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I am trying to build dictionary app(actually it is a modification of google SearchableDictionary sample), whose source of words and their definitions is very big, around 5MB. I tried many ways and using many formats and it still cant run properly on android. Sqlite database should be the best solution, I have built it and its size is 10MB(tried building it both before runtime and during runtime). The main problem is the size of the definitions, but I have seen some other applications have managed to do this. It might be that there are some file size limits built into android system, but anyways if they werent it all takes so much to search and run queries in this sqlite database.

What am I doing wrong? BTW: It HAS to be offline dictionary (download definitions max 1 time).

Problem in a nutshell:

word -definition 
word2 -definition2...

Stored in a 10MB sqlite database (tried loading it from assets), not working. With some hacks (loading it manually with eclipse DDMS tool) it is working but terribly slow.

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How did you try to load it from assets? Where's the code? Where is the logcat output when it fails? –  Cristian Dec 8 '10 at 20:18

7 Answers 7

Are you loading the database from the Assets folder? If yes, then that's your problem. There is a file size limit on what is in the assets folder (1mb I believe).

You have two options:

  1. Split up your database into multiple 1mb files
  2. Create a webservice. Have your application call the webservice which in turn downloads the database to your Android device. OR create a webservice API that your application uses to get data on as it needs it basis.
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Downloading the database or its contents on installation sounds good, as that way you won't waste space on the device with a delivered copy in the .apk file plus the working copy, but only have the working copy. But of course then you need a web server to download it from, you can no longer use the android market. –  Chris Stratton Dec 8 '10 at 21:08

I have achieved by zipping the database and unzipping it into external caching direcotry (SD Card). you can look at the sample code here - http://www.android.manutech.mobi/2011/03/how-to-manage-sqlite-databases-with.html

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Rename it to something like "databasename.mp3" or any media format. It won't be compressed by the package manager and therefore you can use it just like you need.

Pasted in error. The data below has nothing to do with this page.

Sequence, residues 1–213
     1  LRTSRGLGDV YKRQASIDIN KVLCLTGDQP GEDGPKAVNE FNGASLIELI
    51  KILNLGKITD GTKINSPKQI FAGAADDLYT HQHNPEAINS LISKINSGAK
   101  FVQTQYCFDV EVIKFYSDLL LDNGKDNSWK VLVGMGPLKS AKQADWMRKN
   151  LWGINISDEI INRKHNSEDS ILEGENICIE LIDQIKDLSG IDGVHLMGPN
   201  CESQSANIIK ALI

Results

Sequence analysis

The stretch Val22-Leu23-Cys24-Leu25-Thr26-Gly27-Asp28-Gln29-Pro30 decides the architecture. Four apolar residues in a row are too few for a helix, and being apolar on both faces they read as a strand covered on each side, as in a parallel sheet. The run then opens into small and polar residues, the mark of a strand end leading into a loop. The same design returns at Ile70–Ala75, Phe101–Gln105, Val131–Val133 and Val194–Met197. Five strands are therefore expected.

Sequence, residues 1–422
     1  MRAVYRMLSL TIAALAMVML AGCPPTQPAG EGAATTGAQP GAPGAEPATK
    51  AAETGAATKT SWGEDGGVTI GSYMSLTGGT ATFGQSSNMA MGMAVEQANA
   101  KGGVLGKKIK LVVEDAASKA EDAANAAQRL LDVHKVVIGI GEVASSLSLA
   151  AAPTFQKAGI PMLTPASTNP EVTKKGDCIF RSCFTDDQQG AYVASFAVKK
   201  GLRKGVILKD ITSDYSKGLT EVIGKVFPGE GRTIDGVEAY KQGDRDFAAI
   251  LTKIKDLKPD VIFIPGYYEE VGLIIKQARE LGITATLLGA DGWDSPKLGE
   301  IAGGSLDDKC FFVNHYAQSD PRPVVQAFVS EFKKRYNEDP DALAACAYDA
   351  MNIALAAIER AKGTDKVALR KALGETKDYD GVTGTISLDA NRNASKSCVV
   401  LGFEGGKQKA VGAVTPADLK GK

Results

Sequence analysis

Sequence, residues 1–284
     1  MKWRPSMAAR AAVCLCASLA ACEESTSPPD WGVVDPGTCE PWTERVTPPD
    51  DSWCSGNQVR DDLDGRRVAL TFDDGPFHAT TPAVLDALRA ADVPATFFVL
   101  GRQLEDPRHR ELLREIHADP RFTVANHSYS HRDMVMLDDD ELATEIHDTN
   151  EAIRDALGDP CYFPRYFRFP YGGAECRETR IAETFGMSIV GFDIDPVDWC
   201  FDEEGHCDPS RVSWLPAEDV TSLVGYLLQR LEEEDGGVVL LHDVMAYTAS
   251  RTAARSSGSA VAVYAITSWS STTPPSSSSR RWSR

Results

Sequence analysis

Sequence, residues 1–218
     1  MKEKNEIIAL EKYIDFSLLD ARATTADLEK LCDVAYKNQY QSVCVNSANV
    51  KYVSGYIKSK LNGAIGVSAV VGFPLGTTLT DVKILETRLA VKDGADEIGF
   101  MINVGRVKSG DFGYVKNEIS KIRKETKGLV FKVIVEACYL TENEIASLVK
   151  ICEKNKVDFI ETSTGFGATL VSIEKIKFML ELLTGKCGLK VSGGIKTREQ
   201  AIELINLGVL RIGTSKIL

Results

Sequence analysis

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Have you tried compressing the file? If the data is just raw text I bet it'll compress to smaller than 1 MB.

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How could I compress the file and how does that help? It only reduces the package size, but I have to use it uncompressed to be able to search for definitions. –  stratocaster Dec 9 '10 at 21:51
You compress it, put it in assets, then when your app gets installed uncompress it and put it in the DB directory. –  JRL Dec 9 '10 at 22:39

1) Store a compressed version of only the words using the GZIP. (this will be very small only about 350k, and must be pre-sorted)

2) Load the list into a:

new ArrayList<String>();

3) Use a binarySearch to find the word


4) When you need a definition, call an API like this with the word


5) parse the resulting XML

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Split your sqlite db in many part .one part must be 1 or less than 1 mb using jt split and add then at run time chwck this link for refrence : http://androidcodeblogspot.blogspot.in/2014/02/android-sqlite-example-existing-sqlite.html

    private void copydatabase() throws IOException {
    AssetManager am = activity.getAssets();
    OutputStream os = new FileOutputStream(DB_PATH + DB_NAME);
    byte[] b = new byte[1024];
    String[] files = am.list("");
    int r;

    // Split large db using jt split software and insert all in assets folder then  add       it at runtime 

    // For multiple db replace this two line

    // for (int i = 1; i <= 4; i++) {
    // InputStream is = am.open("Riteshdb.sqlite"+i);

    for (int i = 1; i <= 5; i++) {
        InputStream is = am.open("Riteshdb.sqlite");
        while ((r = is.read(b)) != -1) {
            os.write(b, 0, r);
       Log.d("Ritesh", "Part:"+i);
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10M file is just way too small to worry about. It didn't work, it might be because of the way of opening the database file. By default, Android read database file from ://data/data/PACKAGENAME/databases/DATABASENAME.

A simple solution could be: 1) compress the db file to res/raw/DATABASE.zip, 2) then unzip it to //data/data/PACKAGENAME/databases/.

You can get sqlite android demo code from here: http://www.cs.dartmouth.edu/~campbell/cs65/lecture15/lecture15.html

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